US Army To Get Mobile Air Defense Strykers by 2020

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The US Army down selected Leonardo DRS to provide the Stryker A1 based interim, mobile short range air defense for the Stryker brigade teams. Illustration: Leonardo DRS

Facing a growing aerial threat from unmanned systems, rockets, artillery, and mortars, the U.S. Army is accelerating the fielding of an Interim, Mobile Short Air Defense (IM-SHORAD) system to complement the tactical formations of its Stryker brigades. Leonardo DRS, Inc. was selected to provide such IM-SHORAD Mission Equipment Package (MEP) for installation Stryker A1 vehicles. The package includes onboard radar system, a turreted weapon system mounting missiles, guns, and non-kinetic (jammers and Electronic attack) capabilities. This system will provide the “detect-identify-track-defeat” capability required to defeat UAS, rotary-wing and fixed-wing threats.

The system, developed by Leonardo DRS’s Land Systems business unit, integrates mature technologies from industry teammates and partners, including Moog’s Reconfigurable Integrated-weapons Platform (RIwP), Raytheon’s Stinger missiles and Rada’s Multi-mission Hemispheric Radar (MHR). The IM-SHORAD solution provides both hard and soft kill capabilities to the warfighter while minimizing impacts on the mobility of the Stryker. Leonardo DRS expects to receive the prototype contract in August of this year.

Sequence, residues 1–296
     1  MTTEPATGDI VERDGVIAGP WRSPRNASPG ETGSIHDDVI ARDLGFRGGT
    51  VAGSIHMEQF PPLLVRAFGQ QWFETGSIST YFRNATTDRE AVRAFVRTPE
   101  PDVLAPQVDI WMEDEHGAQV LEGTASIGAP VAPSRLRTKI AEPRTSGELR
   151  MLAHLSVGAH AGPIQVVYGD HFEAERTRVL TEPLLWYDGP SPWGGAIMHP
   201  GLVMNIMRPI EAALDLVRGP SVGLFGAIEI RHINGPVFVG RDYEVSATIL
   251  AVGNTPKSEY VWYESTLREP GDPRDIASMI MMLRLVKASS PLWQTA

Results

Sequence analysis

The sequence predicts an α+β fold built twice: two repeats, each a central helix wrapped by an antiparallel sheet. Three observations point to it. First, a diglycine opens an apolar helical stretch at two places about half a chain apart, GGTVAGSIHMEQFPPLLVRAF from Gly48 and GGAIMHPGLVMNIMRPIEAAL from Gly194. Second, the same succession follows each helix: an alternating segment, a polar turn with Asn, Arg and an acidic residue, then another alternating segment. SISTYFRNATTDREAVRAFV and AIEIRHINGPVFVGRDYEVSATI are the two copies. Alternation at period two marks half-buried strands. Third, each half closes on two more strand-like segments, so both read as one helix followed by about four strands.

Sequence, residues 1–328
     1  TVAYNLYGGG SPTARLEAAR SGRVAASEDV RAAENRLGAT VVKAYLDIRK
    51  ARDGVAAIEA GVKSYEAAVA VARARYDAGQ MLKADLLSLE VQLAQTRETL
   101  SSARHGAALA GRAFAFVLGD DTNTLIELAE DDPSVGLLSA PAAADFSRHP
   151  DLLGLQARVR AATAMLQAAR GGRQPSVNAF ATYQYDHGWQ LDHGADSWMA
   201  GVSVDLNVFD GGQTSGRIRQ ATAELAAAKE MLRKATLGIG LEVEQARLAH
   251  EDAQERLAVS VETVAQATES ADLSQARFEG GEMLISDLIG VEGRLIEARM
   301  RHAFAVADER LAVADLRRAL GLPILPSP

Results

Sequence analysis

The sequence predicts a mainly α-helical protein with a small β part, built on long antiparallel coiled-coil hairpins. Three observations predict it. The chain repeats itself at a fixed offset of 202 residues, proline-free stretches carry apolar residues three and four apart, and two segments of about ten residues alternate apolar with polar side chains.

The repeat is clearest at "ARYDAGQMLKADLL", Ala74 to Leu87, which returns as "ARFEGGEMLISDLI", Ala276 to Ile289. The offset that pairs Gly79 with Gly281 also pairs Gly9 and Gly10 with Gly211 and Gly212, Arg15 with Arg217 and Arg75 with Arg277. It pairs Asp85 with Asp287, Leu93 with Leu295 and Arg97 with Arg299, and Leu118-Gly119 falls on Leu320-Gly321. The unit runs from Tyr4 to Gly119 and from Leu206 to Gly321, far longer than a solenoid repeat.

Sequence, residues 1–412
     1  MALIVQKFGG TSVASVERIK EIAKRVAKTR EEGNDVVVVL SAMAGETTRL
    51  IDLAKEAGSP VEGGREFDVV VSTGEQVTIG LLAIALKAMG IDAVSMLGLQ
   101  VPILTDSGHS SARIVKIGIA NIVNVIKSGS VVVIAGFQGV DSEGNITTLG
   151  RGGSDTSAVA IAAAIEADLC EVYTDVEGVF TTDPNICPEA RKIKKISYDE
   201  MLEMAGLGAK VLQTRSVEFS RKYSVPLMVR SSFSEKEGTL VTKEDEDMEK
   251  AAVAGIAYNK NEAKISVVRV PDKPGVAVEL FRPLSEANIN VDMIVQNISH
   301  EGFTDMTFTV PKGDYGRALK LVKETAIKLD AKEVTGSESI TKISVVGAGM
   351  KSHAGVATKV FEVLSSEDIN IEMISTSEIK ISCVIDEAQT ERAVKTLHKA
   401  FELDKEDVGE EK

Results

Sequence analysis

“We understand the challenges associated with an accelerated acquisition strategy and will leverage our recent successes with counter-UAS to meet the Army’s schedule,” said Aaron Hankins, Vice President, and General Manager, DRS Land Systems. This down-select decision is part of the Army’s IM-SHORAD effort to deliver prototypes in 2019. Nine prototype systems will inform a future production decision buying of 144 IM-SHORAD systems by fiscal 2022, enough to equip up to four Stryker battalion task forces.

The MHR radar, when integrated on the Stryker A1 platform, meets the US Army’s onboard sensor requirements and provides 360-degree aerial surveillance to detect and track Unmanned Airborne Systems (UAS), rotary wing and fixed wing threats at desired ranges. Each IM-SHORAD MEP includes four MHR radars which provide persistent surveillance, can execute at the short halt and operate on-the-move. The MHR has already been integrated to performed with high energy laser in counter-UAS applications.

The unique RIwP turret supports multiple weapon configurations to give tactical commanders flexibility to use the IM-SHORAD for ground-to-air lethality as well as the precision ground-to-ground fire, necessary to fight across a multi-domain battlefield. The weapons considered for the IM-SHORAD MEP include Stinger VSHORAD guided missiles, Hellfire/Longbow guided missiles and direct fire weapons – an M230 30mm chain gun and 7.62mm machine gun.

Through the assessment phase, the Army also evaluated a hybrid of a Stryker with a Boeing Avenger turret but favored the more compact, protected and versatile MEP offered by Leonardo DRS.